It is in this context that Sen. Joe Biden, D-Del., chairman of the U.S. Senate Foreign Relations Committee, suggests that the Turks may have to accept the least of several possible evils, choosing the "best of the worst."

This would be a semi-autonomous Kurdish statelet in northern Iraq, an uncomfortable neighbor but probably less dangerous than the prospect of the Kurds declaring independence, which is likely to provoke immediate intervention from Turkey and Iran, plunging the entire region into war.

The Turkish media is presenting Maliki's visit as the last chance for the Iraqis to "do something" about the PKK bases. Maliki is bringing Iraqi Foreign Minister Hoshyar Zebari, a prominent Kurd from the Kurdistan Democratic Party and the uncle of Kurdish leader Massoud Barzani. But Barzani seems ready to defy the Turks and is insisting on a referendum this year on the future of the city of Kirkuk, which Kurds see as their spiritual capital and also as their access to oil wealth. Turkey has warned that a Kurdish takeover of Kirkuk could be a cause for war.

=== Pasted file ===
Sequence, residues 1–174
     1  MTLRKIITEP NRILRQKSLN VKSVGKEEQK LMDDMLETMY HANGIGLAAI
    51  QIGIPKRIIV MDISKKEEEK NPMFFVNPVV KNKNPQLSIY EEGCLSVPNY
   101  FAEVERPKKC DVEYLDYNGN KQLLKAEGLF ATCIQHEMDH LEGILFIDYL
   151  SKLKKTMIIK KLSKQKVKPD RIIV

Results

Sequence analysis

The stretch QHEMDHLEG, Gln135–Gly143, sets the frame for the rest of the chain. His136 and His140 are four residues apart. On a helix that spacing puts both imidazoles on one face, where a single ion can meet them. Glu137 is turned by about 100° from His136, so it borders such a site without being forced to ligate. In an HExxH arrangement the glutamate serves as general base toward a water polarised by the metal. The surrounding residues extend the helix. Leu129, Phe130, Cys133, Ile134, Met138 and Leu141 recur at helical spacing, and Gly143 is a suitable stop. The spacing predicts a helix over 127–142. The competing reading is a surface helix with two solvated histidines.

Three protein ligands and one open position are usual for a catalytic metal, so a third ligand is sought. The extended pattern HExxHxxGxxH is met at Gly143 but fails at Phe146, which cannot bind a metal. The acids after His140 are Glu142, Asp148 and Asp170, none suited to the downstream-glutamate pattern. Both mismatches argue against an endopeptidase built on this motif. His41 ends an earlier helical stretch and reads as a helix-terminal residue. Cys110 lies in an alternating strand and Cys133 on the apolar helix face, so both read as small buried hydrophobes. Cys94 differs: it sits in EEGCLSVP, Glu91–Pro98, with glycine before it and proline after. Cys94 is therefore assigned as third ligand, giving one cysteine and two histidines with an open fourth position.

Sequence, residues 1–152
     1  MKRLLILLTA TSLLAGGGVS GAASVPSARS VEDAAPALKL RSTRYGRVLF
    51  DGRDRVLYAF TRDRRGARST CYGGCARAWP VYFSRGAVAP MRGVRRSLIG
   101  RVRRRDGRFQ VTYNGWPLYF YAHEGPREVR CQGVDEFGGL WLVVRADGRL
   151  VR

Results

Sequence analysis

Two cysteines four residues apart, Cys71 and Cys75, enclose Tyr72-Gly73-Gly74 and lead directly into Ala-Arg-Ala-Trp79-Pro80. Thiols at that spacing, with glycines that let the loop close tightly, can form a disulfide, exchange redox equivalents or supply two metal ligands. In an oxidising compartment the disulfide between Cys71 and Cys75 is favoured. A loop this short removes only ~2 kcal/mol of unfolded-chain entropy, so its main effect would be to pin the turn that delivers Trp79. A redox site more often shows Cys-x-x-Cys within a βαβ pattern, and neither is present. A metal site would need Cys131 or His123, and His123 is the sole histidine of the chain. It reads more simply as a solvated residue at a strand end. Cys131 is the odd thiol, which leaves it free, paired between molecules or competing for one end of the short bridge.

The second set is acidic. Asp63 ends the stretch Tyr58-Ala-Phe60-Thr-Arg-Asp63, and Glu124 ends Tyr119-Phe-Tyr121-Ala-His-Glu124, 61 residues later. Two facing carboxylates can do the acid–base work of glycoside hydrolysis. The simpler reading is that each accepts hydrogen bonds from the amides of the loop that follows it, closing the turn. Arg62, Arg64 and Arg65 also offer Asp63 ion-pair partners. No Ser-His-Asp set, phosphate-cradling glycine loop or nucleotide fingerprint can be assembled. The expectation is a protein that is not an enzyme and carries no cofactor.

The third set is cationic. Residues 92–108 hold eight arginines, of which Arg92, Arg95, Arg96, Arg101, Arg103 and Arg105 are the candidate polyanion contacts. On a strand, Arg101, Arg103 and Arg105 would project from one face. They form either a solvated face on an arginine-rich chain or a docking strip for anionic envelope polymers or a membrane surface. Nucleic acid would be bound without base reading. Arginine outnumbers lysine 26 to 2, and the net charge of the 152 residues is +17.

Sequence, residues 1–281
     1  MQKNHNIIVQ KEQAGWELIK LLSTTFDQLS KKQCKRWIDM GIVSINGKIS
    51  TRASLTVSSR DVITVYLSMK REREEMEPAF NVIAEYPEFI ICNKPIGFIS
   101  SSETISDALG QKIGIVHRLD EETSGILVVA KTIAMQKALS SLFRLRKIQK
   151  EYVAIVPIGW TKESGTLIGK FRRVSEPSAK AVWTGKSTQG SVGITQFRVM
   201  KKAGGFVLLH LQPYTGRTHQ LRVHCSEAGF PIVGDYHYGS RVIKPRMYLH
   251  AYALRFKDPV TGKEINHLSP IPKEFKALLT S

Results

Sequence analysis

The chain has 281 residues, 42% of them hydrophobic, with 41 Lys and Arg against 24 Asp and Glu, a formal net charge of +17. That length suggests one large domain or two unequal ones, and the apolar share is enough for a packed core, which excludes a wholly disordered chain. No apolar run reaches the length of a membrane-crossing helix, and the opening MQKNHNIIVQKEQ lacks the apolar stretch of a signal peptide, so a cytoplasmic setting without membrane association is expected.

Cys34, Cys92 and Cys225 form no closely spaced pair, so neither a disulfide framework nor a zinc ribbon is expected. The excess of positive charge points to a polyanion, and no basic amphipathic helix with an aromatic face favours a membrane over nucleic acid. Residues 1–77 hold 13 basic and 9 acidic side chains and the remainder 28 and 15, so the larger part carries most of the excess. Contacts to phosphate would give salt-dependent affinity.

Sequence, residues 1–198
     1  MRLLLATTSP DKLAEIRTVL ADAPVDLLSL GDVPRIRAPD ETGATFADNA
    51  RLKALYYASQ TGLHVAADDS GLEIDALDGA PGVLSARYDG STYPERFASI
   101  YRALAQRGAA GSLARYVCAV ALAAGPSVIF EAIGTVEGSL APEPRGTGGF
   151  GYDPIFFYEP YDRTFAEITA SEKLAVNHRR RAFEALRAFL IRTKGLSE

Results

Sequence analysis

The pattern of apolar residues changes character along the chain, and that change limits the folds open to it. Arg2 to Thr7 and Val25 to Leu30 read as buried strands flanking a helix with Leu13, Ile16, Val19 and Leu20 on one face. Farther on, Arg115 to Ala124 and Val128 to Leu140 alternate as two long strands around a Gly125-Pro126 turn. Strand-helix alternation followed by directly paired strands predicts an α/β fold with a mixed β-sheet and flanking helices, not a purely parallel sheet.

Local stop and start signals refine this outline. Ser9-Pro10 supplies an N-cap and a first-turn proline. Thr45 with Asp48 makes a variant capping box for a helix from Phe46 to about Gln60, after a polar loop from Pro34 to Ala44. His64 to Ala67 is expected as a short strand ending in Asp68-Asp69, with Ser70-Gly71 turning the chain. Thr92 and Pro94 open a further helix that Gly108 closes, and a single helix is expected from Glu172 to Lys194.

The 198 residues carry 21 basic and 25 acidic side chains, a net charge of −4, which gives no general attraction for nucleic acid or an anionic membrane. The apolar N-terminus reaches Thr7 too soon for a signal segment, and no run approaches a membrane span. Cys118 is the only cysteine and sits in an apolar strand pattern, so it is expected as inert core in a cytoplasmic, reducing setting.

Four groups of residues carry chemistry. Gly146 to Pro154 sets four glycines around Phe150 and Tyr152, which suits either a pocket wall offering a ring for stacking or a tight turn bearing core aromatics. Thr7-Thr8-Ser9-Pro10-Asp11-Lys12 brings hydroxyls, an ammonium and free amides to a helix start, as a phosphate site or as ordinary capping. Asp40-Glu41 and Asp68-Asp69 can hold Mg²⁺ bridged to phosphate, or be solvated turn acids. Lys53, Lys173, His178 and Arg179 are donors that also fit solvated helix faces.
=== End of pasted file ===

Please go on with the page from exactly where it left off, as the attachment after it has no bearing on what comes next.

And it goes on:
There are no obvious solutions, and the main players -- Kurds, Iraqis and Turks -- are hamstrung by domestic politics. The bottom line is that Turkey is the regional superpower, with a booming economy growing at 7 percent a year and a gross domestic product now greater than that of Sweden -- and doubling in size every nine years. It is by far the biggest and most modern economy of any of the Muslim countries, and the richest in the Middle East.

Turkey also boasts the most powerful and best-equipped military and thus dominates the region -- at least until Iran becomes a nuclear-armed power, an event that is likely to trigger Turkey to follow suit. For the United States, whose presence in Iraq is unlikely to long outlive the lame-duck Bush administration, Turkey is the ally to count on for the long term. If that means abandoning the Kurds, a cold view of long-term U.S. interests might deem that a sad but acceptable price to pay.